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Different Types of Sources

This tutorial explains some of the differences between books, journals, magazines, websites, etc.

Introduction

So your instructor assigns a project … and it requires "outside resources."

Where do you start???

Books, periodicals, websites … Is there a difference?

Each resource is different. Find information faster by choosing your source based on the type of information you need.

Section 1: Books

Reference Books

If you need a brief overview or a quick fact on a topic, try a Reference Book like an encyclopedia.

For Example: If you need to know what sports are popular in the South?

You could try … The New Encyclopedia of Southern Culture

Here is that book's entry on "Sports (in the South):"

"Three games clearly dominate the south. Football is the most popular sport, but baseball and basketball are also played, enjoyed, and in some places avidly followed. The relative importance of baseball, football, and basketball varies across the South, but almost all Southern states exceed the national average in output of major players in all three sports. Other sports that the South is involved in are stock car racing, horse racing, hunting, and Florida is the shuffleboard capital of the world. Despite federal laws requiring equal opportunity for women, women's sports receive little support in the south. Considerable progress has been made, but, in general, the South lags behind national averages in women's sports."

Non-Fiction Books

For more information on a topic, try a Non-Fiction Book.

For Example: If you need to know how solar energy works?

You could try…The Renewable Energy Handbook

Tip: You DO NOT need to read the entire book!

Instead, use the table of contents or the index to find sections of the book on your topic.

Going back to our example, for The Renewable Energy Handbook, to learn about solar energy, you would only need to look at Chapter 1 "Solar Energy."

Books and reference books can be found at the SCC library. Search the Catalog to find a book on our shelves (more on this later).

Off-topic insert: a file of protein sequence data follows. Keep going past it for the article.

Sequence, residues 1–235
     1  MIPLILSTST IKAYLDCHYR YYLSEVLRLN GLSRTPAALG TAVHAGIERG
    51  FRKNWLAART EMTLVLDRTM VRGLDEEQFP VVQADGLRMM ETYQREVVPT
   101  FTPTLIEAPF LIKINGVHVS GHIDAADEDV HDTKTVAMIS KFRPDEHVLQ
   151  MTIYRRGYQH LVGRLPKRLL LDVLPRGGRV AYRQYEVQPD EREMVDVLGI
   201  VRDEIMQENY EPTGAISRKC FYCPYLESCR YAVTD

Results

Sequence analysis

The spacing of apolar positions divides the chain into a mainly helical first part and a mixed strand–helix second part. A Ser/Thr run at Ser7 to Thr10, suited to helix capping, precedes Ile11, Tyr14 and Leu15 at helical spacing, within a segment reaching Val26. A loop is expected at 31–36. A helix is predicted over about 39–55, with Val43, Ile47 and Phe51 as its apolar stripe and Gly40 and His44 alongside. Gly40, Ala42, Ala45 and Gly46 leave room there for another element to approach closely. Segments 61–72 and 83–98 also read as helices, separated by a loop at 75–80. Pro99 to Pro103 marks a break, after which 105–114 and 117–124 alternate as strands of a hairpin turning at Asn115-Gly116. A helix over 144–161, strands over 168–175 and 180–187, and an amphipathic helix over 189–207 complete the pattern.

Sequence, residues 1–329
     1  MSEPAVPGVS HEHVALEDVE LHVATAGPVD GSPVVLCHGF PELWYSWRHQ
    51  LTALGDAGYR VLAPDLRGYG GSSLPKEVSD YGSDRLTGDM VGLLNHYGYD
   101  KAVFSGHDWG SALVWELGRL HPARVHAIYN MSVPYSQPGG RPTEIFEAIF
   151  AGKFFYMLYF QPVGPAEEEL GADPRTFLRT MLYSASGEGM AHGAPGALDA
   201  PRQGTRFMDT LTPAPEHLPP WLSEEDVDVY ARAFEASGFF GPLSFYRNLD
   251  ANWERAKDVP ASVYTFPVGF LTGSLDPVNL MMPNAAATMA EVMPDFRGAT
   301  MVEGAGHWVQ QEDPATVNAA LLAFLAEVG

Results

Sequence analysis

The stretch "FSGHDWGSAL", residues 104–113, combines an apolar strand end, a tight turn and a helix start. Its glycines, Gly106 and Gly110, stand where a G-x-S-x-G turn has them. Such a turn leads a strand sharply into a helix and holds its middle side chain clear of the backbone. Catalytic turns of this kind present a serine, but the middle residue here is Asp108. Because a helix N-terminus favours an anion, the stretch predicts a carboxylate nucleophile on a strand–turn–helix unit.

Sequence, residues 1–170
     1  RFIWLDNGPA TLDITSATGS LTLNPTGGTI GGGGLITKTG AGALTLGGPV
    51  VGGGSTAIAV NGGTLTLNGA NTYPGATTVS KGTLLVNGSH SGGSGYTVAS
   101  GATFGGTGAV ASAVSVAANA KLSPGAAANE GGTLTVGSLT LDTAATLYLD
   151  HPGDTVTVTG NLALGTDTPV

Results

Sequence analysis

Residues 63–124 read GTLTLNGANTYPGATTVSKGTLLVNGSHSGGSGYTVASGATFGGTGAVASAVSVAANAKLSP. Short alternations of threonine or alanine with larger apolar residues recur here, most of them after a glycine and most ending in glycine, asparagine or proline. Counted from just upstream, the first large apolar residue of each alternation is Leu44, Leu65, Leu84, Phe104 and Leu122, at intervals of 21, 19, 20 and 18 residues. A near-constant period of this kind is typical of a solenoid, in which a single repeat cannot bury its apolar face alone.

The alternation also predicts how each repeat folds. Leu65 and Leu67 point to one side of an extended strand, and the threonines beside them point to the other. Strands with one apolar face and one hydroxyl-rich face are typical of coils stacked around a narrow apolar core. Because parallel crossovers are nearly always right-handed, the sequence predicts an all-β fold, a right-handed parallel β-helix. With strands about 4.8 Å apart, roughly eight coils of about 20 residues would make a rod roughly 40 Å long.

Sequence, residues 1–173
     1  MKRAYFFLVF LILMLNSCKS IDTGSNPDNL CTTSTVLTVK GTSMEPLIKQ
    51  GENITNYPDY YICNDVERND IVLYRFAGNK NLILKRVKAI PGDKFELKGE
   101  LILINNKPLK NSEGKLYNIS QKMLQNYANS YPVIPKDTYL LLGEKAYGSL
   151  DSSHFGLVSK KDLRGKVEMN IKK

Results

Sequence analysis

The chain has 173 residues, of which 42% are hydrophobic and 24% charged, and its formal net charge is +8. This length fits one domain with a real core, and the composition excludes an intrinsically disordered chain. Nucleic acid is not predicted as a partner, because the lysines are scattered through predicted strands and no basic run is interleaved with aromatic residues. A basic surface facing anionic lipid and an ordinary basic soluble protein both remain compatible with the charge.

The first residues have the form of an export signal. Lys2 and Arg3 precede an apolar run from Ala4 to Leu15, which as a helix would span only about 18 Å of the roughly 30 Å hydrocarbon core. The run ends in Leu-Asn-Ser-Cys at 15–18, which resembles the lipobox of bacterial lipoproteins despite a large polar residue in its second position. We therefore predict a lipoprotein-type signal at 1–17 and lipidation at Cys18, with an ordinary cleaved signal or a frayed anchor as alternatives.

We also have 280,000 eBooks you can read online (from anywhere)!

Tip: Always look at the copyright date on a book or reference book. Books take a while to publish, so make sure the information is current.

Section 2: Periodicals

Periodicals are different than books because a book is published once, but periodicals publish new issues every month, every week, or even every day.

Journals, magazines, and newspapers are all periodicals, so what’s the difference?

Journals

Journals are usually geared towards a particular subject. Some examples are Welding Journal, Science, New England Journal of Medicine, Culinary Arts, Journal of Radiation Protection.

The articles in the journal are written by experts in that field for other experts in that field.

Many times, they are also reviewed by other experts before being published - to try to ensure accuracy.

For Example: To stay on top of the changes in her field, a nurse might read The Journal of Practical Nursing.

If we look at one of the articles in this journal, it's written by two registered nurses with doctorate degrees.

And also before being published, the article was reviewed and checked for accuracy by several nurses.

This makes journals the most authoritative type of periodical since they are written and reviewed by experts.

Magazines

Magazines are also geared towards a subject, but their articles are written for the general public (not people in the field), and they are written by journalists, who are trained as writers (not-experts in the subject area).

You are probably familiar with some magazines: Sports Illustrated, Field and Stream, Ebony, Cosmo, Newsweek, Parenting, People, National Geographic, Health, etc.

For Example: A nurse would not read Health to learn about the health field. However, the general public might because it offers simplified information.

If we look at one of the articles in this magazine, it's written by journalists, who probably have no medical training.